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Army Group South

New Book Review Published

on Sun, 06/28/2015 - 15:24

Stephen Barratt's two-volume set Zhitomir-Berdichev (sold separately) should go down as the definitive look from the German side of the hill at the critically important combat operations on Army Group South's left flank during the lead up to the far more famous Battle of the Korsun Pocket.

The End of the Battle for the Ukraine

on Sun, 04/15/2012 - 15:29

During the spring of 1944 the Red Army finally began wrapping up its enormously expensive eight month campaign to evict German forces from the Ukraine. The linchpin of this effort came against Army Group South's left wing - defended by its First and Fourth Panzer Armies. On March 4th Marshal of the Soviet Union Georgy Zhukov's 1st Ukrainian Front, spearheaded by the 3rd Guards Tank Army and 4th Tank Army, attacked German Army Group South's left wing. Zhukov's men forged numerous penetrations in German defensive lines already heavily weakened following the battle for the Korsun pocket.

Manstein's February 1943 Backhand Blow

on Fri, 02/17/2012 - 15:29

Early in 1943 the Red Army had launched a series of massive offensives across the breadth of the German Eastern Front. In particular, and as the German Sixth Army fought to its destruction at Stalingrad, multiple Soviet fronts, spearheaded by General N.F. Vatutin's Southwestern Front, surged across southern Russia. Meanwhile, Erich von Manstein, commanding the whole of the reconstituted German Army Group South, the former Army Groups A, B and Don, fell back before the Soviet advance and regrouped his armies.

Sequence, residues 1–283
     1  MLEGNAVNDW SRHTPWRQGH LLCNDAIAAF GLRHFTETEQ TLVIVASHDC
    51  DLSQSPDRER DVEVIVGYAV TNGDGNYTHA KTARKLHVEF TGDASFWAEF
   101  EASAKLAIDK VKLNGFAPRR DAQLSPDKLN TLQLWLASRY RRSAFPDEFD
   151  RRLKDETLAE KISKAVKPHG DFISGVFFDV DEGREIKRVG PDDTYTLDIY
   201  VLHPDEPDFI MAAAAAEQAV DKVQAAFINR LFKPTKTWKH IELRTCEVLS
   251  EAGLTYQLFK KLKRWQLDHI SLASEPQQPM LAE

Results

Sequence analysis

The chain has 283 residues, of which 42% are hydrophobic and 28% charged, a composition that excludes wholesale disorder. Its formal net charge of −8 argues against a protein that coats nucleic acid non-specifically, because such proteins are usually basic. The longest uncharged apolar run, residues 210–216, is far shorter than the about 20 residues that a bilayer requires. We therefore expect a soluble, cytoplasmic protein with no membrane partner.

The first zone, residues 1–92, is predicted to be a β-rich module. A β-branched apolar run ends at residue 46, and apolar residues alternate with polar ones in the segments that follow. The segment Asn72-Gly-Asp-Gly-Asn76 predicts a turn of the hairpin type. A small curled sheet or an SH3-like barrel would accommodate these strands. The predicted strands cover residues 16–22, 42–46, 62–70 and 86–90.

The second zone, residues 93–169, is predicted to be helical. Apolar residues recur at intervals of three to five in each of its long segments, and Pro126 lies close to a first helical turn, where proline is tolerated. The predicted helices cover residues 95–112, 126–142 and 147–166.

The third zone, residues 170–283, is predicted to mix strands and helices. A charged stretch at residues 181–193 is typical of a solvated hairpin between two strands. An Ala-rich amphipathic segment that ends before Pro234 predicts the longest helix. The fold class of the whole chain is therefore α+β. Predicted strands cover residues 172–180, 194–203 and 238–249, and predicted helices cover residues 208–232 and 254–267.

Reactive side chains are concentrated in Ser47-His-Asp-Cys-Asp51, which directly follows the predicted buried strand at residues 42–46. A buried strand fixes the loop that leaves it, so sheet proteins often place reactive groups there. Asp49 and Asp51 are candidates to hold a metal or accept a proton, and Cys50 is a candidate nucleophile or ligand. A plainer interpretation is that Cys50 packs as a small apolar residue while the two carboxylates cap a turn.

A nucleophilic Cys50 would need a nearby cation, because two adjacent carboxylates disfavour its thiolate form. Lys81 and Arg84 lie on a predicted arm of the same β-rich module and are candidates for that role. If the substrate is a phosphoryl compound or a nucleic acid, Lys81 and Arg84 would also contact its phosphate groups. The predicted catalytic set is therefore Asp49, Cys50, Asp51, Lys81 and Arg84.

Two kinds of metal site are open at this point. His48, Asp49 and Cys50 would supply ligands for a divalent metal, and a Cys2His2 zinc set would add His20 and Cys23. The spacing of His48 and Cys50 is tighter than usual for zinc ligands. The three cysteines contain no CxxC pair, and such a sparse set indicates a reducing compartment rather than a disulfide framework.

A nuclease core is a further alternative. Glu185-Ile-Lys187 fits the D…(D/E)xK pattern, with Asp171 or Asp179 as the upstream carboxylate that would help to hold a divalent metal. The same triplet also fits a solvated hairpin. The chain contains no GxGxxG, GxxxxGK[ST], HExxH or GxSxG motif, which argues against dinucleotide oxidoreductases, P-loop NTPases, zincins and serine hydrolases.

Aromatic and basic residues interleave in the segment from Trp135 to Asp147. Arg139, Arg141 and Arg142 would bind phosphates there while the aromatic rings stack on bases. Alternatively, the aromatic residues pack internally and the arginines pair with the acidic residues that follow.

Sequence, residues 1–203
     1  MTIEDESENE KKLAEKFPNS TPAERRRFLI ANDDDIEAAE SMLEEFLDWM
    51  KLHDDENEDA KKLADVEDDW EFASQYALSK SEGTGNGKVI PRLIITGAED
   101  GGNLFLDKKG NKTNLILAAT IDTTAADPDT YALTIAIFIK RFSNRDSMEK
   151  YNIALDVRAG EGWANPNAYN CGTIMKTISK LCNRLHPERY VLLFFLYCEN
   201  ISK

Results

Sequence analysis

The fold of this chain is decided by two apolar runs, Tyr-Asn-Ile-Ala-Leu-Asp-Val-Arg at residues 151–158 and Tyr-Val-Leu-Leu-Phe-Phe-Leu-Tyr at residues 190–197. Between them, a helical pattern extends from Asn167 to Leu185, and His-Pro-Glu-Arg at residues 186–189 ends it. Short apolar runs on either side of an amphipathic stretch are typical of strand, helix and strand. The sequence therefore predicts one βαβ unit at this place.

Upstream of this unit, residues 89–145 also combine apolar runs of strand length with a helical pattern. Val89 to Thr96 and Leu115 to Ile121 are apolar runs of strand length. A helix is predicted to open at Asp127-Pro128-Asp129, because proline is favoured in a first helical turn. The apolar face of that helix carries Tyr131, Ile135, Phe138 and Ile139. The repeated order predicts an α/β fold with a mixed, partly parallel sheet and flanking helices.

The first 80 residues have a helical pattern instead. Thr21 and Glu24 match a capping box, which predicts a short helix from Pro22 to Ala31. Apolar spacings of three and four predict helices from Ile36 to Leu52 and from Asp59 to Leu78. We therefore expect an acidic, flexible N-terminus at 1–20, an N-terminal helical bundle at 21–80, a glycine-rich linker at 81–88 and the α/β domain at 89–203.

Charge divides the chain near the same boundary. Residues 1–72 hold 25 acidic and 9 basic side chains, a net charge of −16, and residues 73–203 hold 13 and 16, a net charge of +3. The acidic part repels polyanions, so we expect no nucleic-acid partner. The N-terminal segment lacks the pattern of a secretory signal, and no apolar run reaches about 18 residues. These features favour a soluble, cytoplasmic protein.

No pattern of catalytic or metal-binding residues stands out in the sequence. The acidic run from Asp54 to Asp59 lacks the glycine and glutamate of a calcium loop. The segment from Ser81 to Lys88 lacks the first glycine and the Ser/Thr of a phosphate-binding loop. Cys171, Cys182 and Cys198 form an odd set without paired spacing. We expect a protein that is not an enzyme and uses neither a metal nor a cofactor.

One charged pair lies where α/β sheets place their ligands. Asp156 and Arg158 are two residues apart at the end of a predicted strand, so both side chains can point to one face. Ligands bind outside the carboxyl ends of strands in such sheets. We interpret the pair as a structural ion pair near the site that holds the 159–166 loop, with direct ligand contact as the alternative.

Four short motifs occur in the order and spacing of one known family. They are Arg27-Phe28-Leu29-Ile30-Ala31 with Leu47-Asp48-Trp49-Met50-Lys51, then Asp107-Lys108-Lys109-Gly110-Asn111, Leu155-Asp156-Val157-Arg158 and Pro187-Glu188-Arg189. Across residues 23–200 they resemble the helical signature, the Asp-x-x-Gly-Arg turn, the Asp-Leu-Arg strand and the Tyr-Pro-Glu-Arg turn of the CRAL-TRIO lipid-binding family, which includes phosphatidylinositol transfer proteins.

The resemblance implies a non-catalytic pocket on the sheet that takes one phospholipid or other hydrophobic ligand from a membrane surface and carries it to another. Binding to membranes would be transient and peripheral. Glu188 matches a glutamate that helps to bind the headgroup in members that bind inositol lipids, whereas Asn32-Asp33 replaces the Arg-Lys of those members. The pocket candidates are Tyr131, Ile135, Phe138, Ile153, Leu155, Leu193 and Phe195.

Soviet General Cherniakhovsky’s 60th Army, part of Golikov’s Voronezh Front, took

April 1944 - Tarnapol

on Fri, 08/19/2011 - 00:26

On March 4th Marshal of the Soviet Union Georgy Zhukov's 1st Ukrainian Front, including the 3rd Guards Tank Army and 4th Tank Army, attacked German Army Group South's left wing and forged numerous penetrations in German defensive lines already heavily weakened following the battle for the Korsun pocket.

Hube's Pocket

on Thu, 08/18/2011 - 21:20

Throughout the winter of 1943-1944 Stavka maintained a relentless pace, consistently ordering up sequential offensives that never allowed the Germans to effectively regroup and build up reserves. In the late winter and early spring of 1944 the 1st, 2nd, 3rd and 4th Ukrainian Fronts, in opposition to German forces situated in the Western Ukraine, launched a massive series of offensives that would run along the breadth of the German defensive line south of the Pripet Marshes all the way to the Black Sea.